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Old 01-04-20, 04:47 AM
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I had over 11,000 miles this year. Only because for the first time ever, I kept track of inside miles. And I did a U.S. coast to coast race. And long distance is the only bike thing I'm faintly good at. It will be interesting to see where the mileage falls this year, as I don't have the race or that goal to work toward.
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Old 01-04-20, 06:06 AM
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Thanks, OP. Interesting reading.
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Old 01-04-20, 07:57 AM
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Originally Posted by gif4445 View Post
I had over 11,000 miles this year. Only because for the first time ever, I kept track of inside miles. And I did a U.S. coast to coast race. And long distance is the only bike thing I'm faintly good at. It will be interesting to see where the mileage falls this year, as I don't have the race or that goal to work toward.

You did a what race?! Holy crap! How long did that take?
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Old 01-04-20, 05:36 PM
  #63  
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Originally Posted by livedarklions View Post
You did a what race?! Holy crap! How long did that take?
I finished in 28 days, 5 hours and change. It was a (mostly) fun adventure!
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Old 01-04-20, 07:11 PM
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Originally Posted by gif4445 View Post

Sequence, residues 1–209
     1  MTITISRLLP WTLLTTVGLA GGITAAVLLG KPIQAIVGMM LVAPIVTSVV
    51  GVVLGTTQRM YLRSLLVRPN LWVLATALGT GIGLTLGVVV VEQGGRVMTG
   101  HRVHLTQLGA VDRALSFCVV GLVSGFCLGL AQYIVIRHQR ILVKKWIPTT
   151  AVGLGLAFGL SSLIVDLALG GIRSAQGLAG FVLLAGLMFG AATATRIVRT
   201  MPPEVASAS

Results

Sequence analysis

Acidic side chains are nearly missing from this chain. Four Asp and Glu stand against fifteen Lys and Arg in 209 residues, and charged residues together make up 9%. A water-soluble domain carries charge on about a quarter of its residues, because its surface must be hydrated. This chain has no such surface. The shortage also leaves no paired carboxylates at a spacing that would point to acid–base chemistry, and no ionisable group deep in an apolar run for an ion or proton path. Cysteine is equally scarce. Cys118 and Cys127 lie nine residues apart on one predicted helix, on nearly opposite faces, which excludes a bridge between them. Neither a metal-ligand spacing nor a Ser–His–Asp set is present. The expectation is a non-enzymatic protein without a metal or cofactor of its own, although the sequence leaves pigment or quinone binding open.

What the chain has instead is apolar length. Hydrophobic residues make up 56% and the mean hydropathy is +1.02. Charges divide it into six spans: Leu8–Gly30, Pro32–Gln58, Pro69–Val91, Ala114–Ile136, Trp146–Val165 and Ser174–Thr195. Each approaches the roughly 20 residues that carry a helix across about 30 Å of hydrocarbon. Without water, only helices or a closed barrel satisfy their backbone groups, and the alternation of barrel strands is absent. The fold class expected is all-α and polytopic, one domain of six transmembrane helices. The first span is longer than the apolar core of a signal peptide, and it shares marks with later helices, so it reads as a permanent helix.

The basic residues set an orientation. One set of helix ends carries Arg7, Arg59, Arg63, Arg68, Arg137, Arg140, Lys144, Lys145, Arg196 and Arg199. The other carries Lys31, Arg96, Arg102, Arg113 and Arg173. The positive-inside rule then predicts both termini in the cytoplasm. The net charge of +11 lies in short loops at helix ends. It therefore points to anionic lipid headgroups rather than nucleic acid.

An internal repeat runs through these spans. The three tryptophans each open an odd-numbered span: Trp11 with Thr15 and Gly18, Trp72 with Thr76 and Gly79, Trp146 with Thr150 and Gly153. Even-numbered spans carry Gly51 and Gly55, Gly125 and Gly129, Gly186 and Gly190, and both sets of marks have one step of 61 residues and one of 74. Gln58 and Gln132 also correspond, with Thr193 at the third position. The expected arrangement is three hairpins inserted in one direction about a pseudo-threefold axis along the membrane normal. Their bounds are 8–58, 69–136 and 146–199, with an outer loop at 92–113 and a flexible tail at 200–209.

I finished in 28 days, 5 hours and change. It was a (mostly) fun adventure!

Pics or it didn't happen.

Kidding, I just want to see pics.
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Old 01-04-20, 08:09 PM
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Old 01-04-20, 08:22 PM
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Originally Posted by gif4445 View Post
Looks like the Yorktown Monument, so must have been the Trans Am Race? Very nice.
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Old 01-04-20, 09:01 PM
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I've been on Strava for five years and have done no less than 10K miles a year. My high was a little over 13K in 2017. Never again. I am a teacher/coach on the middle school level so I have plenty of time off. But 13K is a lot of miles no matter what. Some of it seemed like work as I rode all but about 25 days that year. I live in Georgia so I can ride all year.

I've got 12 bikes that I split the mileage on, so my rides average wildly from 13 mph to 20+. I did 10,600 in '19 with 266 active days and 487,000 ft of climbing. I am creative in getting my mileage. I will ride a lot of places to meet my wife. Sometimes, I will ride back also. A couple of weeks ago I rode to Auburn, AL. (about 60 miles) to meet her after she did some Christmas shopping. It was about to rain, so I rode back with her.

I'm 57 with no kids so I can ride whenever I want to. That's probably the biggest reason I get so many miles.